Section 13-01.1-02, N.D.C.C., provides for interest on overdue payments. Section 13-01.1-03, N.D.C.C., provides for compounding interest. Section 13-01.1-05, N.D.C.C., provides the chapter is inapplicable when there is a dispute:

If the agency or business fails to timely pay interest as required by sections 13-01.1-02 and 13-01.1-06 and the failure is the result of a dispute . . . over the amount due or over compliance with the contract, the provisions of this chapter are inapplicable. If the settlement of a dispute is found in favor of the business, . . . , interest must accrue and be paid as provided in section 13-01.1-03.

4] In Olander, at ¶¶ 46-47, we disagreed with the trial court's conclusion that N.D.C.C. ch. 13-01.1 does not apply in this case because the dispute was ended by judgment rather than by "settlement," and we construed N.D.C.C. ch. 13-01.1:

We construe N.D.C.C. § 13-01.1-05 to mean that N.D.C.C. ch. 13-01.1 is inapplicable while there is a reasonable dispute between the agency and the business over the amount due or over compliance with the contract. However, once a "settlement of a dispute is found in favor of the business," which implies a decision-making process about the amount due or compliance with the contract, then interest accrues and is payable in accordance with N.D.C.C. ch. 13-01.1 from that point.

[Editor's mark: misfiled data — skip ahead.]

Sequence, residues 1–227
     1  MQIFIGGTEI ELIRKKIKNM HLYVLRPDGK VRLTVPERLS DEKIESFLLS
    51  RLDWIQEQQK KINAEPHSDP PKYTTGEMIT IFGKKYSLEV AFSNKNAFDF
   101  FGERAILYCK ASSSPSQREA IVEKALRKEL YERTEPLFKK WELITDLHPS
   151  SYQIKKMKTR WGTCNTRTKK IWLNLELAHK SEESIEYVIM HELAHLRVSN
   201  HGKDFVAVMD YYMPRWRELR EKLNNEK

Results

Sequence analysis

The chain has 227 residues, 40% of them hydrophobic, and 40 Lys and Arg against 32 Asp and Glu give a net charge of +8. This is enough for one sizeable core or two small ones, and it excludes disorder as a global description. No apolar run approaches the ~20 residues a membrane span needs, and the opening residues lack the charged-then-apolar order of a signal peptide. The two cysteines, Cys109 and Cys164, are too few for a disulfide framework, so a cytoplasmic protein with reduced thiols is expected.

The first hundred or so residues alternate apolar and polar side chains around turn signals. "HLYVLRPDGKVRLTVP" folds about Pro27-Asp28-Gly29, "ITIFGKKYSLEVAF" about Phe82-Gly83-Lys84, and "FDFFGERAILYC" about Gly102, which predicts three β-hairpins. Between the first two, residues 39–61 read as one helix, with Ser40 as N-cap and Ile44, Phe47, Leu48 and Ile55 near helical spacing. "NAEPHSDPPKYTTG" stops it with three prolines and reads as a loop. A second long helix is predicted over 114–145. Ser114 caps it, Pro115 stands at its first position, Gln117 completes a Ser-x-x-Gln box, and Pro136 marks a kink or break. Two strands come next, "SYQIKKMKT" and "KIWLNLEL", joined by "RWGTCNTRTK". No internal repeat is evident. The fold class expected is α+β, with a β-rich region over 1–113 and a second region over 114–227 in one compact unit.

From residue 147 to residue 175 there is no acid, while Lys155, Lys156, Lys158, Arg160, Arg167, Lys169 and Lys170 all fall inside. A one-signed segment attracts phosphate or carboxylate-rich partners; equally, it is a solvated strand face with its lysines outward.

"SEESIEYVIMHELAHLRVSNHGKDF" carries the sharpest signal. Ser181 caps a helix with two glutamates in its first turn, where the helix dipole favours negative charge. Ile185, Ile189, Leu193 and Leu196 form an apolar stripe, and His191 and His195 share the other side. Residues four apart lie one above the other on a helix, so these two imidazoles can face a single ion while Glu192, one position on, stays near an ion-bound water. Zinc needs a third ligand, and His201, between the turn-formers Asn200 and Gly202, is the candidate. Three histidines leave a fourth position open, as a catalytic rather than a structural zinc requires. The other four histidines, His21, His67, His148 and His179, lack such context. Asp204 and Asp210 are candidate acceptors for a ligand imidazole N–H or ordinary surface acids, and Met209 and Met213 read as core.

Olander, 2002 ND 65, ¶ 47, 643 N.W.2d 29. Although we disagreed with the trial court's analysis of the prompt payment statute, we affirmed the judgment, which did not include interest under the prompt payment statute.

5] Bismarck, the appellant in Olander, petitioned for rehearing. Olander, the cross-appellant in Olander, did not petition for rehearing. We denied Bismarck's petition for rehearing. After our decision in Olander became final, Olander filed a motion to tax appeal costs or amend the judgment to include interest under the prompt payment statute. Recognizing it had made a mistake in construing the prompt payment statute, the trial court, relying on N.D.R.Civ.P. 60(b), granted the motion to amend the judgment to include prompt payment interest from the date of the jury verdict.